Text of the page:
World Employment and Social Outlook – Trends 2016

ILO World Employment and Social Outlook (WESO) – Trends 2016

Despite falling unemployment levels in some developed economies, new analysis shows the global job crisis is not likely to end, especially in emerging economies.

Press release | 20 January 2016

Slowdown of global economy and increase of global unemployment in 2016 and 2017

ILO’s latest WESO report projects the world economy to grow by only around 3 per cent, significantly less than before the advent of the global crisis. The weakening economic growth will add 2.3 mio jobless to the global tally in 2016 and another 1.1 million in 2017 – resulting in a global unemployment that is over 30 million higher than the pre-crisis level of 2007.

“Many working women and men are having to accept low paid jobs, both in emerging and developing economies and also, increasingly in developed countries. ... We need to take urgent action to boost the number of decent work opportunities or we risk intensified social tensions,” says ILO Director-General Guy Ryder.

The global challenges presented in the WESO report will be further discussed by the G20 in 2016 under the Chinese Presidency. Under the theme of the Summit “Towards an Innovative, Invigorated, Interconnected and Inclusive World Economy”, the agenda for G20 in 2016 includes four baskets of priorities: 1) breaking a new path for growth; 2) more effective and efficient global economic and financial governance; 3) robust international trade and investment; and 4) inclusive and interconnected development. China’s G20 Presidency recognizes that it is the imperative to revive global growth by addressing both the symptoms and root causes of the challenges facing by the global economy.

China’s slower growth, coupled with a prolonged slump in commodity prices, have weighted on the region’s growth

In 2015 China’s economic growth dropped below 7 per cent (to 6.8 per cent) for the first time in more than two decades. As China ramps up investment in technology-intensive manufacturing and shifts its focus further towards services and higher value-added sectors, there will be new opportunities available in the country and for its trading partners, particularly ASEAN economies. China’s One Belt, One Road initiative to rebuild Silk Road trade links will likely help mitigate job losses in China’s construction sector, while also propping up demand for raw materials, boosting infrastructure development and generating jobs in the region.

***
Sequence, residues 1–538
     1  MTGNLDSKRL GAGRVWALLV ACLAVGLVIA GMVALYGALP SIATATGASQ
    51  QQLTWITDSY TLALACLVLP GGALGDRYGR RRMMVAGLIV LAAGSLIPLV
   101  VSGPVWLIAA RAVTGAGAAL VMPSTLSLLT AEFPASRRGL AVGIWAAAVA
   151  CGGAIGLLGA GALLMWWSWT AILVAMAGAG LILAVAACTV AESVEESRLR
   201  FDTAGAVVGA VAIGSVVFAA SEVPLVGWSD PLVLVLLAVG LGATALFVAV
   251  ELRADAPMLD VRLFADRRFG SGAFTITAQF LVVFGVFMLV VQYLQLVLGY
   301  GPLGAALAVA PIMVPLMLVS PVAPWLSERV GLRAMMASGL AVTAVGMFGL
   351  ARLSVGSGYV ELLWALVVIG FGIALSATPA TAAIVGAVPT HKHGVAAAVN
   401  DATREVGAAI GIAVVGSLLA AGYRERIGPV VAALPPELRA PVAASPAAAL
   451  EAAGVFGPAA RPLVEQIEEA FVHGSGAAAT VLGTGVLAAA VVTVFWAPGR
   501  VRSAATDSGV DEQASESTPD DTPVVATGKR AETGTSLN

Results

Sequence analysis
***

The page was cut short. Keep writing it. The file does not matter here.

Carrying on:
A major risk to the region’s economic outlook, and therefore its employment and social outlook, in 2016 is the degree to which the region’s major commodity exporters can compensate for reduced export demand from China. Developing and emerging markets in Asia and the Pacific are also expected to face capital outflows and volatility in financial markets, because of a further easing in US monetary policy. This is likely to result in reduced FDI and tighter financial conditions in the region, hampering business creation and expansion.

Decent work at the heart of sustainable development

The United Nations’ newly adopted 2030 Agenda for Sustainable Development comprised mainly by Sustainable Development Goals (SDGs) and the Addis Ababa Action Agenda on Financing for Development, stresses the key role of decent work in ensuring inclusive economic growth as well as its contribution to enhancing social and environmental outcomes. Decent work is now brought to the forefront with SDG 8: “Promote sustained, inclusive and sustainable economic growth, full and productive employment and decent work for all”. Decent work is a universal concern, and SDG 8 will provide a further impetus to address the root causes of poverty and inequality in developed, emerging and developing countries alike.

“The lack of decent jobs leads people to turn to informal employment, which is typically characterized by low productivity, low pay and no social protection. This needs to change. Responding urgently and vigorously to the scale of the global jobs challenge is key to successful implementation of the United Nations’ newly adopted 2030 Agenda for Sustainable Development,” concludes Ryder.

During China’s Presidency, G20 Leaders are set to align G20 work with the 2030 Agenda. A G20 Action Plan will bring together developing and developed countries representing three-quarters of global trade, two-thirds of FDI, 85 percent of global GDP and half of the world’s poor and aim to take collective action for global public goods, inclusive growth and development.